Some of those criteria addressed whether the animal’s nervous system could support sentience. For example, can it detect harmful stimuli and transmit those signals to the brain? Are the signals processed in integrative brain regions - parts of the brain that bring together information from many different sources? Or do anaesthetics or painkillers change the nervous system response?
The other criteria focus on the animal’s behaviour. Could they trade-off risks of injury against opportunities for a reward? Do they tend to the specific site of an injury, and could they learn to avoid stimuli associated with injury? Do they value anaesthetics or painkillers when injured? This sort of behaviour, which distinguishes rigid and reflex reactions to injury from flexible responses, is taken to be evidence of pain in vertebrates, argues Dr Birch.
No single criterion proves that a creature is sentient, he stressed. But the more criteria it meets, the more likely sentience becomes.
There is a danger that we decide that the animals we empathise with are the ones that feel, and the ones we struggle to empathise with, like invertebrates, don't feel. And it's certainly not that simple.
Welfare protections for octopuses and lobsters and crabs: changing UK law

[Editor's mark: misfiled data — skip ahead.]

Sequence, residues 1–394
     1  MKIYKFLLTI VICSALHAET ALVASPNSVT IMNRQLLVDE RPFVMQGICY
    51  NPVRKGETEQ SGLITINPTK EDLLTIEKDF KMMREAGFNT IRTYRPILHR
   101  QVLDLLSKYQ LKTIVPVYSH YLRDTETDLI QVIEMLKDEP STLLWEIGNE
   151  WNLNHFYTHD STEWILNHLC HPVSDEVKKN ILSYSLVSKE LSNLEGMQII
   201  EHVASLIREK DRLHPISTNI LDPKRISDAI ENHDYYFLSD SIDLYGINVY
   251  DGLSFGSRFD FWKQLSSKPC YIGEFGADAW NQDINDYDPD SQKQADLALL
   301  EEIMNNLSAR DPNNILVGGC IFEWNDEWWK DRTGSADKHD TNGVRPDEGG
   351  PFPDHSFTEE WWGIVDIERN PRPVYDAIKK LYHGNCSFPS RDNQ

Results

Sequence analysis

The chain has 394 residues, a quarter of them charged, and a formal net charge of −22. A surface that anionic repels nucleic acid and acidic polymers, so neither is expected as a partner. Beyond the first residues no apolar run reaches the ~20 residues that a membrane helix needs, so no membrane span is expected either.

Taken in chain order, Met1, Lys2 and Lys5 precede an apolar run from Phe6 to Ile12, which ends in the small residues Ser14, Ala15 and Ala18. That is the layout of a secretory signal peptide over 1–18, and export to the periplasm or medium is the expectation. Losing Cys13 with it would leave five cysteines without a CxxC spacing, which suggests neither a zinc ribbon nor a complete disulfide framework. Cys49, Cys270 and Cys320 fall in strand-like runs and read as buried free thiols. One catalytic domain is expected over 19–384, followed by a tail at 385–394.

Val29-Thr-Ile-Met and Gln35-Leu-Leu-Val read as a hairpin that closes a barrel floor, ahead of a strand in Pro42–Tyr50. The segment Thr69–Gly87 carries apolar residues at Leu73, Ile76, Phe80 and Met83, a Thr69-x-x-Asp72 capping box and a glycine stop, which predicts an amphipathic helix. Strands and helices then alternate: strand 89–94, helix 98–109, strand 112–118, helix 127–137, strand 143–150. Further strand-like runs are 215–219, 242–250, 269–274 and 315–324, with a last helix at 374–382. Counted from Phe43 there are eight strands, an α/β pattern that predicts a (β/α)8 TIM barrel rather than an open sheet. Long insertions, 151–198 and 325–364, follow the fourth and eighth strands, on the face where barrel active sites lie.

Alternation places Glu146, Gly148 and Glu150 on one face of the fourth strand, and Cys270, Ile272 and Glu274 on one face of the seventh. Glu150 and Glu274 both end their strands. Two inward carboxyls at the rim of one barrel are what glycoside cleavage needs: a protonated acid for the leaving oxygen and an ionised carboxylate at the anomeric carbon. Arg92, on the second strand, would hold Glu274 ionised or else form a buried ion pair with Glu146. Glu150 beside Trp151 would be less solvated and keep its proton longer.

Although the concept of animal sentience is not new, the idea of bringing sentience into legislation is a relatively modern one. “Governments have only recently started using sentience in laws,” Dr Birch explains. “For example the EU's Lisbon Treaty in 2008 recognises animals as sentient beings. That idea - that sentience should be not just something we wonder about, but a concept that we put at the heart of our ethical theories and write into law in certain ways – is a fairly new one.”
More recently, Dr Birch’s research has been fundamental in ensuring greater welfare protection for octopuses, crabs and lobsters, with his findings persuading the UK government to extend the scope of its Animal Welfare (Sentience) Bill to include all decapod crustaceans and cephalopod molluscs.
Dr Birch led the government-commissioned independent review which led to the law change. Drawing on over 300 existing scientific studies, the review concluded that cephalopods (including octopuses, squid and cuttlefish) and decapods (including crabs, lobsters and crayfish) should be regarded as sentient, and therefore be included within the scope of animal welfare law.